"Hail to you, my father Osiris! You shall possess your body; you shall not become corrupt, you shall not have worms, you shall not stink, you shall not become putrid, you shall not become worms. I am Khepri; I will possess my body forever."
The Book of the Dead
The everyday goods placed in Predynastic Egyptian graves support the hypothesis that Egyptians believed in a life after death from very early in their prehistory. A popular idea of death and rebirth was based on the legend of king Osiris, whom the Egyptians believed was killed and dismembered by his jealous brother Seth, reassembled by his faithful wife Isis, and brought back to life by his dutiful son Horus. When the Opening of the Mouth ceremony was done at Egyptian funerals, it was a reenactment of the ceremony Horus had performed for his father. After his rebirth Osiris became known as the god of the underworld.
What was the afterlife like? Thoughts on this question changed over time and sometimes overlapped each other. According to the Pyramid Texts (Old Kingdom inscriptions found in royal tombs) kings could become stars, join the sun god Re in his daily journey across the sky, or be identified with Osiris. By the First Intermediate Period common people also believed they could join Re in the sky or Osiris in the "Field of Offerings" or the "Field of Reeds." In the lands of Osiris, pests did not exist and harvests were bountiful. Everyone was assigned work to do, but it could be done by shabtis or other models of servants placed in the tomb by the family.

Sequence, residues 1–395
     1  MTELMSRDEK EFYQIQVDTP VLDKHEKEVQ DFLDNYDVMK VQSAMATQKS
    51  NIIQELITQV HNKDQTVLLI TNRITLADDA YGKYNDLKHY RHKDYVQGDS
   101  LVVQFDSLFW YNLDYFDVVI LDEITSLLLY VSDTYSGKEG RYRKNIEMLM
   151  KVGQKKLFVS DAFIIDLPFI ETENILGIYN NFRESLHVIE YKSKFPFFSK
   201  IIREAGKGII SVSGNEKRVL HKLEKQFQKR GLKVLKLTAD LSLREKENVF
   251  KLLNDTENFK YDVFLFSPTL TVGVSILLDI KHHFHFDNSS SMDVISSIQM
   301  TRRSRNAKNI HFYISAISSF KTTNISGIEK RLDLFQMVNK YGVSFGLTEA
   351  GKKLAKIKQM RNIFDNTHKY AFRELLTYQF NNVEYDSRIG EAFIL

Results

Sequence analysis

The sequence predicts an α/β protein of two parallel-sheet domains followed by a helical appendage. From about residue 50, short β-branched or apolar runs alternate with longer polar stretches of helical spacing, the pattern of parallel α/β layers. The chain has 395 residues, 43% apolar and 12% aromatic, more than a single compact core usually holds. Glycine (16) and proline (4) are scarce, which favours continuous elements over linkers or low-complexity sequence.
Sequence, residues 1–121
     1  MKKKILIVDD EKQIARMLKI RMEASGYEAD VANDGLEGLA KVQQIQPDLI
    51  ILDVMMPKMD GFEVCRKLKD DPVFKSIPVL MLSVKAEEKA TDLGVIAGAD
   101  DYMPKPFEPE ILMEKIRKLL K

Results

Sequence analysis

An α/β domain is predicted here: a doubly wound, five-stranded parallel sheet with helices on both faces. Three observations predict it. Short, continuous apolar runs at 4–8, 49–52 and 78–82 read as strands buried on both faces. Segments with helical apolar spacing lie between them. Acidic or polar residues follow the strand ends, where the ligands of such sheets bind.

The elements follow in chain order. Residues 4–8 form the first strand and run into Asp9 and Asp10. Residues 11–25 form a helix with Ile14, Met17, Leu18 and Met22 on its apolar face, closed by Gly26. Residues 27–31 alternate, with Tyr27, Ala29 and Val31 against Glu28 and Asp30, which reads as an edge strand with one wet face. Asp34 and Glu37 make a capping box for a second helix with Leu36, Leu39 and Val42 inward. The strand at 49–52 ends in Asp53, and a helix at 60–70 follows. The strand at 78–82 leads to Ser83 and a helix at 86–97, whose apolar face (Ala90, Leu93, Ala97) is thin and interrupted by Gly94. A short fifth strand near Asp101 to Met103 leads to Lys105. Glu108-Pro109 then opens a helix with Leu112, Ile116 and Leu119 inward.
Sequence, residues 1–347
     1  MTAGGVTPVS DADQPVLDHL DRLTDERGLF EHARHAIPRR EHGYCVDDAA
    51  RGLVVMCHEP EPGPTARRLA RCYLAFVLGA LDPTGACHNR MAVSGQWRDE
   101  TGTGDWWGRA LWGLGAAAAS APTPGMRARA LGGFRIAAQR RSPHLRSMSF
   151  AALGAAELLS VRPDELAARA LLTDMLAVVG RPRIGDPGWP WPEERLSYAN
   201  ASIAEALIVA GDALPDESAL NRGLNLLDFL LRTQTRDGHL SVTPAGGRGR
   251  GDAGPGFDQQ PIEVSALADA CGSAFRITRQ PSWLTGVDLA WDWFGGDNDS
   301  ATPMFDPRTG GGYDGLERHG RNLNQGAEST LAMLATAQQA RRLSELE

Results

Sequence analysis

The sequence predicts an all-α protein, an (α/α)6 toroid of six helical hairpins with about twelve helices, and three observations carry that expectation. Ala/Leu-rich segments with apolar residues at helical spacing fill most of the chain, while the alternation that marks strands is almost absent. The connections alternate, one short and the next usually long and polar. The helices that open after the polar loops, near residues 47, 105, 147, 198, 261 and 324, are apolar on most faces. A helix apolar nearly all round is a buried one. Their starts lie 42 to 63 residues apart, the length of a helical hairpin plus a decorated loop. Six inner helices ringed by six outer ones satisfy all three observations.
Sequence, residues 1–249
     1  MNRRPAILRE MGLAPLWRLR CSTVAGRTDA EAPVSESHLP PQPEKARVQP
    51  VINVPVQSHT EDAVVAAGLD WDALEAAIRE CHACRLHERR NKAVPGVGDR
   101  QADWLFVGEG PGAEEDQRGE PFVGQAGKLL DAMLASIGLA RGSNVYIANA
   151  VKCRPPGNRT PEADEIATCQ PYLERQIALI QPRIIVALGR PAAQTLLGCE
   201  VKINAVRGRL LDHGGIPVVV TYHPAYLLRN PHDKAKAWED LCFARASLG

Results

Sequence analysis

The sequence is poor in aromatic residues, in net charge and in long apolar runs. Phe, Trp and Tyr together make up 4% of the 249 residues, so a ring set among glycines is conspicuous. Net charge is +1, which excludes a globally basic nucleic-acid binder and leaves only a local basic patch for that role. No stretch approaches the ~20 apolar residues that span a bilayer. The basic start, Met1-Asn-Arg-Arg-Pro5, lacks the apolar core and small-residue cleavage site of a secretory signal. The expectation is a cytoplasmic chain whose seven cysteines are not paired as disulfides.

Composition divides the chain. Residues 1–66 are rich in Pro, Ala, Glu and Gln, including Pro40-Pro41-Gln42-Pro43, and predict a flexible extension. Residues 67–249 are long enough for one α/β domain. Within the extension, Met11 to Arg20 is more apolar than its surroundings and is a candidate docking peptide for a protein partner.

Two very important things were necessary for a person to "go to one's akh," or become a blessed one who could spend a pleasant eternal life. One was passing the final judgment. The other was a well-preserved body that the person's soul could recognize and return to after the Opening of the Mouth ceremony. The two most important divisions of the soul were the ka and the ba. The ka was the person's double; it stayed with the deceased in the tomb. The ba, portrayed as a human-headed bird, could leave the tomb during the day but needed to return to the body at night. Without the mummy, the ba and ka could not survive. To assure their continued existence in the afterlife, the ancient Egyptians worked hard to find the perfect method of preserving the body.
Adams, Barbara. Egyptian Mummies. Aylesbury: Shire Publications, Ltd., 1984.
Brewer, Douglas, and Emily Teeter. Egypt and the Egyptians. Cambridge: Cambridge University Press, 1999.
Spencer, A.J. Death in Ancient Egypt New York: Penguin Books, 1982.
For more rituals, visit page 2.